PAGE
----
Kevin Gallo just announced Bash support on Windows.
If you have never had to interact with the Windows Batch language, this might not seem like such a big deal. Surely Batch could not be substantially worse than Bash, right?
Bash: a language that was neither designed, nor evolved. An adequate solution to a problem that became orders of magnitude harder. As arcane as it is useful, as dangerous as it is ubiquitous, Bash: the language that asks how much are we willing to give up for convenience’s sake?
Sure, Bash could be worse. But substantially worse? Bash had one value proposition: it was just good enough . It is difficult to imagine that it would have flourished as it has, if that had that not been true.
But the truth is what it is. Batch is substantially worse. And how much worse sort of beggars belief. Look:
- The time a batch script takes to execute is at least O(n*(n-1)/2) (aka O(n^2)) in the LENGTH OF THE FILE, INCLUDING COMMENTS. The reason is that the batch engine reads the entire file, then executes a line, then reads the file again, then executes another line, and so on.
- It is therefore customary to use a GOTO to skip over sizable comment blocks, so that you don’t have to “execute” them.
- The lines inside “lexical” blocks like those of the
forloop are not interpreted separately. They are CONCATENATED TOGETHER AND INTERPRETED ALL AT ONCE, meaning that if do something as innocuous as adding a
::comment inside a
forloop or an
ifblock, the terminating
)will go missing and batch will not know what to do. It will think that you forgot to add a
)to close the
- Never comment out code. If you, do bad things will eventually happen. For example, on some Windows systems, the
REM Ensure > true, will actually pipe the “output” of the comment to a file called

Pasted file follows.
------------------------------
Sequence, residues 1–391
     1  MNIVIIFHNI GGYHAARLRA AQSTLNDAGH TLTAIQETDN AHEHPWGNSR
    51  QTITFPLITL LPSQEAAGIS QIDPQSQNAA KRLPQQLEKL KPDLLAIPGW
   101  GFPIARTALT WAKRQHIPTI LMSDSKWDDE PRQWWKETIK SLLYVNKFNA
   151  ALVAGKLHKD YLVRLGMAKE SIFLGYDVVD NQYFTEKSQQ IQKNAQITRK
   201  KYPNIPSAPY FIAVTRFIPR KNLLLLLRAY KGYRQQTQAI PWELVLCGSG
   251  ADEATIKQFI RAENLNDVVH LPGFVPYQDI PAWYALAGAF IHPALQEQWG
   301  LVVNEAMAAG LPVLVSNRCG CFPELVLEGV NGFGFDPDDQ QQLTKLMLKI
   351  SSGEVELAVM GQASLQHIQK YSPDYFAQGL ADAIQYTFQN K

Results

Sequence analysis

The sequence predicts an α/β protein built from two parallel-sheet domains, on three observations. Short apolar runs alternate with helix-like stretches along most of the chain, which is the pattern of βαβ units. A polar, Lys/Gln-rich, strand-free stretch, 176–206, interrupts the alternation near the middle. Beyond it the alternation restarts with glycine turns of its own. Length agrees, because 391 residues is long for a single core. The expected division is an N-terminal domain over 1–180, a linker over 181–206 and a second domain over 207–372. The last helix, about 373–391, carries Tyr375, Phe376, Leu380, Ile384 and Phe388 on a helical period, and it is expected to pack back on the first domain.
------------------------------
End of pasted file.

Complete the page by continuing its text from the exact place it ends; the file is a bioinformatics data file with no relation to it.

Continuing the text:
true. Since comments have no output, the effect is to generate an empty file called
- Variable expansion occurs at PARSE TIME, not evaluation time. This is particularly bad in the case of blocks like
if, because all the lines in the block are concatenated together and parsed at once. So, normally if you call something like
forblock, you would expect
%errorlevel%to be set to indicate whether there was an error. But, it’s not. The variable
%errorlevel%is never updated, because it was assigned whatever value it had when Batch PARSED THE
forBLOCK. The statement
if %errorlevel% neq 0is therefore completely meaningless inside a
- If you add 2
::comments in a
forblock, you will get errors that claim
The system cannot find the drive specifiedand there is a possibility that your script will exit with error code 123. This happens because (in spite of popular guidance that you should use
::as a comment) it turns out that the
::comment syntax is actually not a comment at all, but a LABEL, and in label syntax,
::must be at the beginning of the line with no leading whitespace, and two consecutive labels causes batch to freak out, because batch concatenated them together into the same line.
And the list goes on and on.
When I was in college a few years ago, I thought that PowerShell was a fun take on what a modern shell could look like. It is not. PowerShell is the cure for polio, and Jeffrey Snover is the Jonas Salk of the Windows ecosystem.
Batch is like an alien device that has appeared on the earth, and at first you think it’s a gift, but then you realize it is a machine of destruction, here to raze your society to the ground, and the only viable solution is to find a way to rid yourself of it completely.
Like the Necronomicon or some other Satanic book, Batch does not seem so bad at first, but when the correct medium (in this case, the computer) reads the words, you find that a portal to hell has opened and suddenly the trees are coming alive and you’re being sucked into your computer screen you’re thinking about how 10 minutes ago your biggest problem was whether you were going to get to the store in time tonight to grab that macaroni you like, and now, as you are floating through the demon portal, you’re just wondering why this thing didn’t come with a warning on this side or something like that.
Bash is like the neighbor who seems nice and sweet, but maybe they don’t have a life you’d want to have personally. They have some pretty serious character flaws and obviously make mistakes, but in the end they are a nice person who tries hard to make sure the people that depend on them are doing ok.
Batch is the guy who looks like that neighbor, but then turns out to be a serial killer.
So, here we are. This is the reality of the Windows world. Yesterday, your choice was Batch or PowerShell. Today your choice is Batch, PowerShell, or Bash. (Well, it’s not really as simple as that, but you get my point.)
And as you make your choice, it’s worth visiting the graves of the fallen.